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The International Federation of Red Cross and Red Crescent Societies has reported that as much as $6 million (5 million euros) may have been lost to fraud during the 2014-2016 Ebola outbreak in West Africa.
The International Federation of Red Cross and Red Crescent Societies (IFRC) said they were "outraged" at evidence of fraud found in Guinea and Sierra Leone, stressing they had "zero tolerance for fraud and [are] committed to full transparency and accountability to our partners and the communities we stand with."
In a press release, the IFRC explained that an internal investigation into the organization's handling of more than $124 million (106 million euros) during the 2014 – 2016 epidemic, which saw more than 11,000 people killed in Sierra Leone, Liberia and Guinea, had revealed the findings.
"This fraud must not in any way diminish the tremendous courage and dedication of thousands of volunteers and staff during the Ebola response who worked tirelessly to save countless lives and support families. Red Cross volunteers played a critical role in ending the West Africa outbreak. Teams of volunteers provided treatment and care and took responsibility for burying the disease's victims, preventing as many as 10,500 additional cases," the IFRC said.
"We are pursuing every possible avenue to reclaim all funds that have been misappropriated, diverted, or otherwise illegally taken. This includes working with authorities in affected countries and elsewhere as appropriate."
Major fraud in Sierra Leone and Guinea
The IFRC said it was working with Sierra Leone's Anti-Corruption Commission to "investigate and legally pursue any persons involved" after discovering "likely collusion between former IFRC staff and employees of a bank in Sierra Leone that led to a potential financial loss of 2.13 million Swiss francs (1.8 million euros, $2.9 million)." The Associated Press news agency reported it is believed the money was lost when the bank improperly fixed the exchange rate at the height of the epidemic.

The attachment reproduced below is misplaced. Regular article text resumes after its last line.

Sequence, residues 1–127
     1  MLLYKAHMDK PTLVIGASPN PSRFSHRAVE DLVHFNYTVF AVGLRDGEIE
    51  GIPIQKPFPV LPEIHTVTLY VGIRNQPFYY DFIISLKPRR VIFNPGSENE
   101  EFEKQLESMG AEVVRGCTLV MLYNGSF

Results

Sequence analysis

Meanwhile in Guinea, the IFRC said that "over- and fake billing by a customs clearance service provider […] led to an estimated loss of 1.17 million Swiss francs."
The IFRC stressed that it remained "committed to holding all those involved in any form of fraud to account, and to reclaiming all misappropriated, diverted, or otherwise illegally taken funds."
A hasty response to the outbreak
In 2014, the IFRC had to respond to the massive outbreak of the disease, which initially erupted in Guinea and quickly spread to Sierra Leone and Liberia. The international aid response to the Ebola epidemic, which the IFRC referred to as "among the most complex in recent humanitarian history" was initially considered to be slow.
But once funds were made available they were reportedly disbursed quickly in the rush to purchase supplies and get aid workers into the field. "In response to the deadly outbreak, IFRC and other humanitarian organizations rapidly established and expanded offices, deployed staff, and procured significant stockpiles of medical and operational supplies," the IFRC said in the press statement.
The IFRC added it was strengthening its efforts to fight corruption, including the introduction of cash spending limits in "high-risk settings." It said it also planned to send trained auditors along with emergency operations teams.
The Ebola virus may be contained in West Africa, but reports earlier in the year of isolated cases reported in the Democratic Republic of Congo continue to keep the region on edge.